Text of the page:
I’ve been reading and listening to a lot of work by new and independently published authors recently, mostly free downloads. and I keep being reminded of that popular piece of advice for writers “Show, don’t tell”. As Mark Twain famously put it “Don’t say the old lady screamed. Bring her on and let her scream.”
Now, I’ve always been a proponent of the ‘show,don’t tell’ advice. When I was tutoring post-graduate students in Academic Writing skills, I would encourage the use of an image, graphic, or descriptive example, based on the tenet that a picture is worth a thousand words. When I was revising for Biology ‘O’ level, my teacher advised us to memorise and practice drawing,large labelled diagrams of the eye, the ear, the digestive system etc, because by reproducing them in the examination we would gain at least 50% for each question and at least a pass grade.
I think that we would all agree that a good story is driven by action and that as authors we must create vivid images that immerse readers in the world of our fiction — and show them what’s happening, rather than just telling them. Instead of telling the audience what to feel, we should invoke the emotion and let the audience feel it for themselves.
However, where does this leave us ,as fiction writers? Do we have a thousand words to spare in order to paint pictures for our readers? A story is not a movie or a TV show. We are not writing a screen play. Do we have room for endless pages of dialogue and beautiful descriptions of settings? or are we telling stories?
I wonder if it is a sign of the times that we rely so much on having imagery provided for us, perhaps part of the ‘instant gratification’ syndrome which prevails. We are bombarded by graphic imagery all day and every day and I wonder if we are losing our capacity to use our imaginations. Children are supplied with beautifully illustrated books and films, but how often are they told stories, I wonder. Works of fiction and novels have some advantages over movies and graphic novels. They can describe internal psychological states, whereas movies can only suggest them through dialogue and gesture. Fiction can tell, this is one of its charms. it can give us thought.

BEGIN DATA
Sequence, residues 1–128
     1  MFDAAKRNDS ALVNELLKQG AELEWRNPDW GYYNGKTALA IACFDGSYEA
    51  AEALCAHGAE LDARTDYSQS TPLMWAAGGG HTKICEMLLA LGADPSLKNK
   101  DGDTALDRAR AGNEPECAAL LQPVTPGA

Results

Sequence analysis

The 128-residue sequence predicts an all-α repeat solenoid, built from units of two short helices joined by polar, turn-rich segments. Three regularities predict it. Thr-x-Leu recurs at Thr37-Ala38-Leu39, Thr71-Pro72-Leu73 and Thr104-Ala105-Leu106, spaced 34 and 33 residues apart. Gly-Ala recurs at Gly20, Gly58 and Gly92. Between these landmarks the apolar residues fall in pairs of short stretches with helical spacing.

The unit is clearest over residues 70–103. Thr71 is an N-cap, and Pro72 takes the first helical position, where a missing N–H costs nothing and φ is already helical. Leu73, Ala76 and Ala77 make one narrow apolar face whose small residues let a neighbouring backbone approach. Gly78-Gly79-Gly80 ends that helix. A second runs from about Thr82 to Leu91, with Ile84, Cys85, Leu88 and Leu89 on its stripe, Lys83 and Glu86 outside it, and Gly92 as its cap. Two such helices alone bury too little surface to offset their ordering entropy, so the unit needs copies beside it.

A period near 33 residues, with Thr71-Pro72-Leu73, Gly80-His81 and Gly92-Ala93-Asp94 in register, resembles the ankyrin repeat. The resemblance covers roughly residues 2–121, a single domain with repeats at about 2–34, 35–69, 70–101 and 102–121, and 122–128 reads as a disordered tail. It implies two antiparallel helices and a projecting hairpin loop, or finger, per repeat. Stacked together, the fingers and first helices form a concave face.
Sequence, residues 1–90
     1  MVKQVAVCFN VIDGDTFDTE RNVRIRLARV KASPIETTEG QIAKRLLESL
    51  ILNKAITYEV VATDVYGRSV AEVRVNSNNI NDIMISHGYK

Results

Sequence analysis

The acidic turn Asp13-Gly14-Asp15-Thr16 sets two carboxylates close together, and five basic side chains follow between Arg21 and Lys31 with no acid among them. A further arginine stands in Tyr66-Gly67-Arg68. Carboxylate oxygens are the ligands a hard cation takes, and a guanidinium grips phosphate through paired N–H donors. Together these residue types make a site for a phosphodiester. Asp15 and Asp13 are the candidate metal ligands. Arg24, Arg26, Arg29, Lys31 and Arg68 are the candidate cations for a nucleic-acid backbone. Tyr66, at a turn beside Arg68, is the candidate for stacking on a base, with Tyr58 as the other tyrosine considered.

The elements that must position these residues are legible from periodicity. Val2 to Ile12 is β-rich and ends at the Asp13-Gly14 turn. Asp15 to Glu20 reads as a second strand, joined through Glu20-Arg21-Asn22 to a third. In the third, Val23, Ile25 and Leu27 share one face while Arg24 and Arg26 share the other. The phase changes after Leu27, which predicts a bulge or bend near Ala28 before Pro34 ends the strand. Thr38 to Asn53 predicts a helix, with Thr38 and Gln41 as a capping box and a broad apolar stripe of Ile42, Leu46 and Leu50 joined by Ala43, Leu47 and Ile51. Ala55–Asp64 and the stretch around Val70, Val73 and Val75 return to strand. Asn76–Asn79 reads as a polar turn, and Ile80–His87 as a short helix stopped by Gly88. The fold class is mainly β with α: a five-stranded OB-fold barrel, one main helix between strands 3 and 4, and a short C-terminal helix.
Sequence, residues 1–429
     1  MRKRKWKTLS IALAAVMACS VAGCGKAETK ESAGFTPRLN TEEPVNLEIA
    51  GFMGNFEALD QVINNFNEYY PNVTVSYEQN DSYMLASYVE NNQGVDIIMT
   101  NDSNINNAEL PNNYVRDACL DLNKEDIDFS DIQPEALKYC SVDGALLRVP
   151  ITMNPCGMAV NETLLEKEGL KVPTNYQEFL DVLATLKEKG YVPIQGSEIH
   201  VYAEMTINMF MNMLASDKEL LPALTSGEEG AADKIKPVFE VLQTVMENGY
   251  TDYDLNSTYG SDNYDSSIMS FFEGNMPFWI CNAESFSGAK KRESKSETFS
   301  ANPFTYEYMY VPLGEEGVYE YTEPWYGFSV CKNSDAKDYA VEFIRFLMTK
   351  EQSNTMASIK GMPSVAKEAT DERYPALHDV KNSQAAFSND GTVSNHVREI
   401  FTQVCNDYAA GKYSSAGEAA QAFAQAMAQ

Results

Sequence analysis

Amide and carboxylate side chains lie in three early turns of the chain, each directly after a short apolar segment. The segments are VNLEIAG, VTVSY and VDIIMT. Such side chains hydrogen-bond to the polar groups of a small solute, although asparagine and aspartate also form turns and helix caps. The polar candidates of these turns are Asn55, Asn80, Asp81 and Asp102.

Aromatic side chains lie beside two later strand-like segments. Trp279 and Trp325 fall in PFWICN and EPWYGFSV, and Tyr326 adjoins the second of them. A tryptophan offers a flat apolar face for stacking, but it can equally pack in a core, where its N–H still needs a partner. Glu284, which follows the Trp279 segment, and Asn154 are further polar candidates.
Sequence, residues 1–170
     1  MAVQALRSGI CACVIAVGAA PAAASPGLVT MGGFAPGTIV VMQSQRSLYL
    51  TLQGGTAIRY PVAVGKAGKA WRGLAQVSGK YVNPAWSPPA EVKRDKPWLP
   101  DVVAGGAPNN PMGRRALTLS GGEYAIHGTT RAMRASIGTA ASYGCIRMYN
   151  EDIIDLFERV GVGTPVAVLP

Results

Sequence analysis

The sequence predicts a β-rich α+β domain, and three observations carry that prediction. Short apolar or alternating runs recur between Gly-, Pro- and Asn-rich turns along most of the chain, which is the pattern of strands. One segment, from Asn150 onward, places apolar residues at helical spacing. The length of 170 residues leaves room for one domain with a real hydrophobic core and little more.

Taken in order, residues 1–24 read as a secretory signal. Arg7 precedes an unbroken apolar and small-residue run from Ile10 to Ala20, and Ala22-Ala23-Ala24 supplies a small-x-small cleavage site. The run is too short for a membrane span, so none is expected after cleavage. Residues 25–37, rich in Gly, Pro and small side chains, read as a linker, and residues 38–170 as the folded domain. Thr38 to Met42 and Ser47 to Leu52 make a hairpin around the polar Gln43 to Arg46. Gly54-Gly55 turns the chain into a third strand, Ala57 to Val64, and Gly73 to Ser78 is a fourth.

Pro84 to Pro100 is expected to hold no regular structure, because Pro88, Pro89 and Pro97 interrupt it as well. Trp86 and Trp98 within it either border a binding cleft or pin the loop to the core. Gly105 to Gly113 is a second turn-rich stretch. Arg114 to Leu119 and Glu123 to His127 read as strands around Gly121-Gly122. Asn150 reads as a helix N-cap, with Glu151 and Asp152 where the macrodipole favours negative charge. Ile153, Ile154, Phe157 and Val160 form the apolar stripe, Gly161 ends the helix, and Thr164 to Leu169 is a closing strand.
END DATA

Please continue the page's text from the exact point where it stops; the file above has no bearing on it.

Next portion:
So, to get back to the point of this post, I seem to be noticing an increasing trend in modern fiction. There appears to be a style of writing emerging which embraces the ‘show, don’t tell’ maxim rather too wholeheartedly, in my opinion. I seem to spend an awful lot of time wading through tedious dialogue and endless descriptions of clothing and weather and hotel rooms etc. The trouble is, showing almost always takes a good deal more words than does telling, and the trick is to ration those precious words carefully. Another important piece of advice often given to writers is ‘Be brief,don’t use three words when one will do’.
As far as my own writing goes, I shall be asking myself whether every part of a story requires strong imagery and active details. Is it necessary (or prudent) to show every action, scene, and sensory element all the time? Have I weighed the importance of the element I’m showing so that the writing has balance, including external sensory experience and internal reflection. Often, I find that telling is more direct and can reveal things that showing can’t begin to represent. Telling can also act as a summary when showing every single glint on glass isn’t necessary or practical or when the old lady is not the main character.
What is your view? Is there a trend towards the overuse of graphic imagery in modern fiction?
Post Scriptum I haven’t attempted to embed a poll in a post before, so fingers crossed that it works.;-)